La Leche League Leader Thanks Brave Breastfeeders

La Leche League Leader Thanks Brave Breastfeeders

When I first found out I would be having my oldest child I knew I’d breastfeed. My mother and sister had both breastfed their children so it was normal. Even with that pre-made decision I found myself stocking up on bottles ahead of his birth, because it was the culturally expected thing to do.  Who doesn’t need bottles?   I have memories of my mother breastfeeding her youngest and my sister nursing a wiggly baby.  But I never saw any one else breastfeed in the community.  Bottles were the feeding implement of choice, so I stocked up expecting to need them.  I didn’t think breastfeeding would fail, but it felt like bottles were required with having a baby.

Until my son arrived I had no idea how much that affected me.  I found myself pumping my breasts to allow family to bottle feed, which led to oversupply and mastitis.  Within weeks of birth I was getting questions about when I’d be weaning.  He wasn’t even out of his newborn clothes before the questions began. My husband’s family called regularly to ask, and well meaning friends and family would provide “facts” about when the breastfeeding benefits would run out. My own father was horrified that I breastfed in public without a cover.  I found breastfeeding impossible with one. I knew no one else breastfeeding at the time, and I was beginning to feel like a foreigner in my hometown.

It was after my second child was born that I found my support network at La Leche League meetings and the community. I ultimately decided my calling was to help others. For 10 years I’ve worked with many families to help them find support and, hopefully provide a tiny bit of a network for them while they cultivate their own. Awareness campaigns like World Breastfeeding Week are important in so many ways that it is hard to list them all. The one most important to me is visibility.  Because this week is when others, that may not be so visible the rest of the year, come out and bond over a shared interest to create that support network.

I owe my success in breastfeeding to those who came before me and instilled the desire to nurture my children through breastfeeding. Families who are willing to brave the world by breastfeeding their children in stores, cars, libraries, with or without covers all provide what we all need: a culture that views breastfeeding as normal.

For these reasons I want to say to these families:

You helped me feel comfortable enough to meet my goals, because I knew you had been there.

You helped me see that breastfeeding didn’t mean never leaving my home or always being the one hiding in the back room at get togethers.

You helped me, even if we didn’t speak. You helped me by being visible.


Cathy Heinz – La Leche League USA Council Member and Leader, IBCLC

Breastfeeding in Public + Loving Moments Nursing Cover Donations for World Breastfeeding Week

Breastfeeding in Public + Loving Moments Nursing Cover Donations for World Breastfeeding WeekBreastfeeding in public is one of the hottest breastfeeding topics covered in the media – and we don’t mean that in a good way.  Sadly, public breastfeeding is still, in 2016, very controversial with a social stigma attached.  Moms are all-too-often subject to nasty looks, heckling and sadly asked to leave or cover up.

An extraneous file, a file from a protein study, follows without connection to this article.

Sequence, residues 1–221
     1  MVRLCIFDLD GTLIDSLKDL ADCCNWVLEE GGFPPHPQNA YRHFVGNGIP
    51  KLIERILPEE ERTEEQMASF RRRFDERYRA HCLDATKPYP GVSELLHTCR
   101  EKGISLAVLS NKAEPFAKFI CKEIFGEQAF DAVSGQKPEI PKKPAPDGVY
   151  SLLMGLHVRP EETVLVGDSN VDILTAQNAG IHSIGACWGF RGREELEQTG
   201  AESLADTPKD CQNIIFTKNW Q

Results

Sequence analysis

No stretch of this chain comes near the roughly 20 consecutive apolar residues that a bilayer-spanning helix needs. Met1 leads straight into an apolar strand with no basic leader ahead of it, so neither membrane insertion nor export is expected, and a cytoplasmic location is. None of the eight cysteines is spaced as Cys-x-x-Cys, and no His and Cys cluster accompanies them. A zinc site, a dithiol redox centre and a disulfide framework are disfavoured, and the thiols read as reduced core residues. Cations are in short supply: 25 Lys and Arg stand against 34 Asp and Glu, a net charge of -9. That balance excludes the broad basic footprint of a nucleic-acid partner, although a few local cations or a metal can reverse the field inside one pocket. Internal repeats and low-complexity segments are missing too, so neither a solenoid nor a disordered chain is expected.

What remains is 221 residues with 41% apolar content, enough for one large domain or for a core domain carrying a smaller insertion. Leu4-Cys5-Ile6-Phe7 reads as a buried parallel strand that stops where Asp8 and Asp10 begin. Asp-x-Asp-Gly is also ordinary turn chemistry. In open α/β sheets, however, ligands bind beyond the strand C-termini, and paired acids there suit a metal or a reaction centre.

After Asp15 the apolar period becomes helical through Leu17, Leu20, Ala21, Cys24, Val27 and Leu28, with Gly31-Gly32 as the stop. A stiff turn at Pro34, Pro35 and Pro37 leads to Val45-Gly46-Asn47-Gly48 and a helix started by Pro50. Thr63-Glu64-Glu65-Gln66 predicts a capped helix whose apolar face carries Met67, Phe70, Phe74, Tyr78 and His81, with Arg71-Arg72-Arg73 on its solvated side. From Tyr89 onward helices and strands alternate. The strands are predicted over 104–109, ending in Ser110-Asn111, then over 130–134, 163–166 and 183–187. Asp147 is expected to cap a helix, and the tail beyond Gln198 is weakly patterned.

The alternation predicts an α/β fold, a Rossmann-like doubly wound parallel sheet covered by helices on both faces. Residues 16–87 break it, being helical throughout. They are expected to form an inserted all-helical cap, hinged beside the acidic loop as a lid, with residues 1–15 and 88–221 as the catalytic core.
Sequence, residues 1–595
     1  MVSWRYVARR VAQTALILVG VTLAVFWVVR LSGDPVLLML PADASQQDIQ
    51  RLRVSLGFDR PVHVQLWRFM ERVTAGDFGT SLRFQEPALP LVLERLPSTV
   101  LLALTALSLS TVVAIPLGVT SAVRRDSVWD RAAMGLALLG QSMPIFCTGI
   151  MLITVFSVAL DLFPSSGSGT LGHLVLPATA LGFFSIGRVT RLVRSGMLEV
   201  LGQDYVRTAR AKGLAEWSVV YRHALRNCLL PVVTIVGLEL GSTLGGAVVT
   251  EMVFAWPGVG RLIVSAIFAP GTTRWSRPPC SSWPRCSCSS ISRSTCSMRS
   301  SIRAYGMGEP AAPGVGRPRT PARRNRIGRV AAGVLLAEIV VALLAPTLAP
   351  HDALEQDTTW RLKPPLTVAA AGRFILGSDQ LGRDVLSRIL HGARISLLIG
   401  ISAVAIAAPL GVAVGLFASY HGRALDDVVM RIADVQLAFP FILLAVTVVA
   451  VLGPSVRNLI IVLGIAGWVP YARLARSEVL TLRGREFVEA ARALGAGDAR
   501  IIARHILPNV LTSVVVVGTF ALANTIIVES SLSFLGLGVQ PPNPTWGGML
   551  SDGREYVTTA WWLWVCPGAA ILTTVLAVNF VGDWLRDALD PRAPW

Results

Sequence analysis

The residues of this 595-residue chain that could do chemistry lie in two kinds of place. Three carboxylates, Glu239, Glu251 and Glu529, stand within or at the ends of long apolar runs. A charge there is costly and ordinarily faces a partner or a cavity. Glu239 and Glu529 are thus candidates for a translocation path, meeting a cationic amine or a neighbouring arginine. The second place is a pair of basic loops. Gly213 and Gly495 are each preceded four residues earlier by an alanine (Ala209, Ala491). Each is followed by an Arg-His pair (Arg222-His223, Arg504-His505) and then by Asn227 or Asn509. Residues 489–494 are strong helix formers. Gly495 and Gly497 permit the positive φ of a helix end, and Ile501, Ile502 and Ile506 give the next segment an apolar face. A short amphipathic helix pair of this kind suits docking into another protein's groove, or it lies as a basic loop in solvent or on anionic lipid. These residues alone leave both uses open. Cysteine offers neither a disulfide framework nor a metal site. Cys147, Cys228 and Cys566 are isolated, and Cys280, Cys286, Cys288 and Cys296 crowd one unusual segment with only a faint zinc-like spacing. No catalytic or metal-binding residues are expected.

Yes, breastfeeding is a personal choice, but one that sometimes has to be carried out in public because babies don’t care where they are when they get hungry.  So it seems that when a personal gesture of love, nutrition and health is carried out in a public place, the public feels this is a forum for commentary.

Perhaps commentary would be OK if it were positive and encouraging.  Smiling or offering an “atta girl” to a mother who is breastfeeding in public would be welcomed by most moms.  Unfortunately that is not the typical response.  And thus, the judging begins.

The obvious issue that most public breastfeeding antagonists have is that a mother’s breasts are being exposed.  To them, this may be viewed as lewd, overtly sexual, inappropriate for younger audiences or gross. Much like breastfeeding, that’s a personal choice or opinion, but one that these naysayers should keep to themselves.

Breastfeeding is a natural act and in fact, is the most natural form of nourishment on the planet.  Beyond the fact that it is the best possible nutrition for infants (and toddlers and beyond), it has a wealth of health benefits for babies and mothers, it is better for the environment and it helps the economy, breastfeeding is a mother’s prerogative.  It’s a simple as that.  And if the need arises when moms are shopping at a store, eating at a restaurant, watching a little league game or on any other occasion, she should feed her baby as openly or discreetly as she wishes.

Even among exclusive breastfeeders, mothers have different comfort levels when it comes to public breastfeeding.  While some moms are extremely open and up for breastfeeding anywhere, other moms choose to be more private about breastfeeding.  There is a broad spectrum of comfortability and every decision is a right one.

Breastfeeding in Public + Loving Moments Nursing Cover Donations for World Breastfeeding WeekAt Loving Moments we know that breastfeeding in public can be challenging.  Besides the unfortunate social aspect, logistically it can be difficult to find a comfy place to stop during a busy day.  And babies can easily get distracted while breastfeeding in public.  The change of scenery may be all-too-stimulating to stay focused on eating.  A nursing cover lends a helping hand by offering a bit of solitude.  With Loving Moments’ nursing cover, moms get the privacy they desire with an easy-to-use cover that can even be worn as a fashionable scarf.  And babies are not encumbered with a breezy soft, breathable fabric cover and can stay more attentive to eating and snuggling with mommy.